- a traditional or legendary story, usually concerning some being or hero or event, with or without a determinable basis of fact or a natural explanation, especially one that is concerned with deities or demigods and explains some practice, rite, or phenomenon of nature.
- stories or matter of this kind: realm of myth.
- any invented story, idea, or concept: His account of the event is pure myth.
- an imaginary or fictitious thing or person.
- an unproved or false collective belief that is used to justify a social institution.
Origin of myth
SynonymsSee more synonyms for myth on Thesaurus.com
Examples from the Web for myth
In the 70s, this myth kept openly gay people out of teaching positions.Freaking Out About Age Gaps in Gay Relationships Is Homophobic
January 9, 2015
And they all travel affordably, busting the myth that travel is only for the elite.‘We Out Here’: Inside the New Black Travel Movement
January 4, 2015
Hangover Rx: “The old ‘hair of the dog’ is pretty much just a myth,” says White.5 Hangover Cures to Save You After a Few Too Many
December 19, 2014
Catherine Lemay is impressed by neither the myth nor the reality when she arrives in Montana in the summer of 1956.
The reality of life in the West is harder and more complicated than the myth.
All this seemed very plausible and interesting, but it is undoubtedly a myth.English Villages
P. H. Ditchfield
Then Ralph whispered, "We know it was only a myth, don't we?"
The story should follow, if possible, a tale or lesson on the subject of the myth.
That makes me think, Charlie, of a myth there is about the first anemones.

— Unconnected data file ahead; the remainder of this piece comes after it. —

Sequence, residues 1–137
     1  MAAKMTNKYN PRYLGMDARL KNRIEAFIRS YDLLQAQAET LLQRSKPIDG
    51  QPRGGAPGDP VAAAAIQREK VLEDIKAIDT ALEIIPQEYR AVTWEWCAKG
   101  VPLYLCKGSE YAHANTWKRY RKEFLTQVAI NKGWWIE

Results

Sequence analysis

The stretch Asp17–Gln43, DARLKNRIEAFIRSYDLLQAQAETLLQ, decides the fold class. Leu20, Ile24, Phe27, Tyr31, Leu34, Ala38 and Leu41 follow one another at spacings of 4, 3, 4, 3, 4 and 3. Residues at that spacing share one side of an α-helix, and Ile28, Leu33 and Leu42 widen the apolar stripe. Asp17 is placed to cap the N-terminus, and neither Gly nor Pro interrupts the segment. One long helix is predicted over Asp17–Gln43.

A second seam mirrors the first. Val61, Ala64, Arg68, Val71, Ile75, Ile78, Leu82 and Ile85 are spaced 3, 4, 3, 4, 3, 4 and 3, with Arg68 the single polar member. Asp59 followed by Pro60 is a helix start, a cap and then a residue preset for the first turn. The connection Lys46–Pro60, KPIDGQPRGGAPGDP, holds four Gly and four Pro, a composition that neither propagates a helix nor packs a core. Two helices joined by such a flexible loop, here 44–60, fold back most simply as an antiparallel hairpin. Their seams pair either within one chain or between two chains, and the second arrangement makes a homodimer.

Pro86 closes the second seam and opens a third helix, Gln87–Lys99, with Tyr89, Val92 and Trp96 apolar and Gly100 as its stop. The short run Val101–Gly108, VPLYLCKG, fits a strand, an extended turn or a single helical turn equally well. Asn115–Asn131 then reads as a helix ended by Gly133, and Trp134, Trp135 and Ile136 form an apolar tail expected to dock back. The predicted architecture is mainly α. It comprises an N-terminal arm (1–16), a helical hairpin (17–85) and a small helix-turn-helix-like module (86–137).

My mother's kind god was a myth and a joke, with no power here one way or the other.The Harbor
- a person or thing whose existence is fictional or unproven
- (in modern literature) a theme or character type embodying an ideaHemingway's myth of the male hero
- philosophy (esp in the writings of Plato) an allegory or parable
Word Origin and History for myth
1830, from French Mythe (1818) and directly from Modern Latin mythus, from Greek mythos "speech, thought, story, myth, anything delivered by word of mouth," of unknown origin.
Myths are "stories about divine beings, generally arranged in a coherent system; they are revered as true and sacred; they are endorsed by rulers and priests; and closely linked to religion. Once this link is broken, and the actors in the story are not regarded as gods but as human heroes, giants or fairies, it is no longer a myth but a folktale. Where the central actor is divine but the story is trivial ... the result is religious legend, not myth." [J. Simpson & S. Roud, "Dictionary of English Folklore," Oxford, 2000, p.254]
General sense of "untrue story, rumor" is from 1840.